The staff at The Clay movie theatre in San Francisco say that people are walking out of Michael Haneke’s critically acclaimed and Oscar nominated film, Amour, in droves.
Amour is not a horror movie, and yet it’s perhaps tougher to watch than any slasher flick because it cuts so close to the bone. It’s impossible to watch this story about a educated, elderly French couple’s journey towards the end of life complete with strokes, rude nurses and adult diapers without thinking, “this is going to happen to me or to someone very close to me someday.” Not “this could happen,” but, “this, very likely, will happen.”
My friend Sarah who attended the film with me last night cried silently throughout. She wouldn’t accept a ride home. She needed the cold night air and a walk. I understood and would have enjoyed a stroll myself to decompress after Haneke’s relentlessly glum portrayal of the inevitable process of human putrefaction. It’s two hours of slowly and painfully watching two people shuffle off this mortal coil.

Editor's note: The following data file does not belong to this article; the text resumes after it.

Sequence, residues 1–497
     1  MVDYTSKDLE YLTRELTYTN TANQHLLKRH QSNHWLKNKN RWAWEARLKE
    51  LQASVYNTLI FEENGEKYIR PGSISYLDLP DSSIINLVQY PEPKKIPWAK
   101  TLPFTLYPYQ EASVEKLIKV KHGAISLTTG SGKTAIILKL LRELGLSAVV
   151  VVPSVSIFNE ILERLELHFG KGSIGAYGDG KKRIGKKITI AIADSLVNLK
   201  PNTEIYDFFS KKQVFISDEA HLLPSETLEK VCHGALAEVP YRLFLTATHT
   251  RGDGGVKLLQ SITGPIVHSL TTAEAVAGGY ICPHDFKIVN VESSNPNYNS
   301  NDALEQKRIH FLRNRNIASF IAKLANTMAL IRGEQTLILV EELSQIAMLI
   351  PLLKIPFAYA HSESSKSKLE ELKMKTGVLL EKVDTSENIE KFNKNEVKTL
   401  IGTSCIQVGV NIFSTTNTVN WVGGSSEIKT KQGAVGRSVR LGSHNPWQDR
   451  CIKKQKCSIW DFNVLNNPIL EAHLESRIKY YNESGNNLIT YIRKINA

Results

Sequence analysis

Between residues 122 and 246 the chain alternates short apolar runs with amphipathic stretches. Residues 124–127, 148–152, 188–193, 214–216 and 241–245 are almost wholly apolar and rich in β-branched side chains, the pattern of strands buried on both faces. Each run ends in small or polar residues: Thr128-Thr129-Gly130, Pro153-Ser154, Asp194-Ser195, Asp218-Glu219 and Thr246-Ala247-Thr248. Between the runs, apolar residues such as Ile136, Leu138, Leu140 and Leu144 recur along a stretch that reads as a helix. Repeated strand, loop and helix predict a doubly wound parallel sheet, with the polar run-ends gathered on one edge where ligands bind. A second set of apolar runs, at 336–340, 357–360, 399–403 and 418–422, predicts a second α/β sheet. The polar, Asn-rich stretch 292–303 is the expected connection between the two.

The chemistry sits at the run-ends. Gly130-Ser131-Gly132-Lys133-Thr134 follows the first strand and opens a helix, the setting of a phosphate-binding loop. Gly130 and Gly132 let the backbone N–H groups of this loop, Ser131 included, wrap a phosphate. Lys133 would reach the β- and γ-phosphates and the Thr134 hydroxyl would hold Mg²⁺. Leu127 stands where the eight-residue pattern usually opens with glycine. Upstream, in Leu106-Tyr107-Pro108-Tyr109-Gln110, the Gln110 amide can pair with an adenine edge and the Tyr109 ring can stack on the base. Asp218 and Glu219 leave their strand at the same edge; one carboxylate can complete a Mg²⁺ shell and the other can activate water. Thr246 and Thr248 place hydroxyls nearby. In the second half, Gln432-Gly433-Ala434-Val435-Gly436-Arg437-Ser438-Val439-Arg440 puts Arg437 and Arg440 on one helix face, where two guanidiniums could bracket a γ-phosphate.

Strangely though, my reaction was quite different to Sarah’s. I left the theatre feeling discombobulated but not depressed. For one thing, the scenario is unavoidable. So I found Haneke’s movie to be rather life-affirming. It made me tell myself to make the most of each day. For another, the troubles facing the couple Georges and Anne in the movie and their daughter Eva (sensitively portrayed by the formidable actors Jean-Louis Trintignant, Emmanuelle Riva and Isabelle Huppert respectively) make the challenges I face each day in my life seem utterly trivial. In other words, the film provides an excellent source of perspective on one’s own existence.
One last point of reflection about this movie, which I still can’t decide if I liked or not: It reminds me of Samuel Beckett’s Endgame , only with less subtlety. The wheelchair-bound Anne and her stiff-legged but mobile husband Georges could be reincarnations of Hamm and Clov, only with a great deal more affection between them. Haneke’s characters share the interdependence of Beckett’s. Plus the bleakness of their lives is edged with as much sweetness as it is with sleep.